When Martin Resch talks about the mountain hike with a few work colleagues to the Benediktenwand in 2012, you can still see his enthusiasm today, almost eight years later. At that time, however, the Bavarian Resch was less enthusiastic about the beauty of the alpine landscape. Because he probably looked at his watch often. A special watch. Voluminous, with large buttons on the sides. His employer, the US outdoor equipment manufacturer Garmin, was the first to pack a GPS sensor into a wristwatch and also display the route on the screen. “That was fascinating,” recalls Resch, now Garmin product manager for all outdoor devices, “having a navigation device on your arm was a quantum leap.” Unfortunately, the troupe started too late: “On the way down, the only light we had was the backlight of the clock,” he says with a smile.
Even today, Resch doesn’t get bored that easily in his job. The outdoor area is the most agile, this is where the most movement takes place. And Garmin is one of the leading manufacturers in the market. Many of the participants in the legendary Ironman triathlon in Hawaii use a Garmin watch to check their pace and heart rate. But how do you develop such watches?
The Fenix watches are operated by a button, which is more practical for athletes
Resch says the company never wants to lose sight of the target group of athletes. Even if you can now use some models of sports watches to pay at the supermarket checkout or listen to music without a cell phone and display notifications from the smartphone – the main focus is always on the core target group.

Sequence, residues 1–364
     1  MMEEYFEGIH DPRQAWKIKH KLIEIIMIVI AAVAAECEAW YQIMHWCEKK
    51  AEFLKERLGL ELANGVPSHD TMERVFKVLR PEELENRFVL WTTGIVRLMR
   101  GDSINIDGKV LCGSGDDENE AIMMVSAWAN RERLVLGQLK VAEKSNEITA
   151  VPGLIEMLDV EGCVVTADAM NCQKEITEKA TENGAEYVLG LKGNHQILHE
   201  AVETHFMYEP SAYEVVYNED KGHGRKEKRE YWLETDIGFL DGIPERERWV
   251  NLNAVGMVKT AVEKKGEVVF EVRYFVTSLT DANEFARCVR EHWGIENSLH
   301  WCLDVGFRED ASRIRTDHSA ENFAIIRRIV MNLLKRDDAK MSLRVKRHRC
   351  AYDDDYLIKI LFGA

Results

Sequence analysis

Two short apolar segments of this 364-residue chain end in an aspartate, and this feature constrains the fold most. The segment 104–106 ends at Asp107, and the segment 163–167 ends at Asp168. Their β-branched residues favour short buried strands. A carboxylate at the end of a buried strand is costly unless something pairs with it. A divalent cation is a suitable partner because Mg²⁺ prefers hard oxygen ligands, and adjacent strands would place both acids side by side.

And they want watches that collect as much data as possible that can help you get better at your sport. Robust watches with long-lasting batteries and that don’t give up the ghost when you jump into the water with them. “We never wanted to lose credibility with real athletes,” says Resch, “it’s just not okay for the clock to run out in a triathlon.” They primarily serve the outdoor and sports segment, “we don’t sacrifice that to offer more smart functions or to make the watches even smaller.”
This explains why Garmin still uses large buttons on the sides of its Fenix watch series and does not work with touchscreens like Apple does. Buttons can also be pressed with ski gloves or with wet fingers.
However, the first Fenix - the watch for mountaineers tested on the Benediktenwand – did not prove to be a bestseller. The target group was too small: “Not even mountaineers go up the mountain five times a week,” says Peter Weirether, product manager for watches at Garmin. The rest of the week they are normal athletes. So for the next version, the Fenix 2, Garmin packed a bunch of sports features into the watch. With each subsequent generation, more functions and more sensors were added. Nevertheless, the clocks kept getting smaller. The current version six measures, among other things, the oxygen content in the blood and provides information on how much the battery is charged – not that of the watch, mind you, but that of the wearer.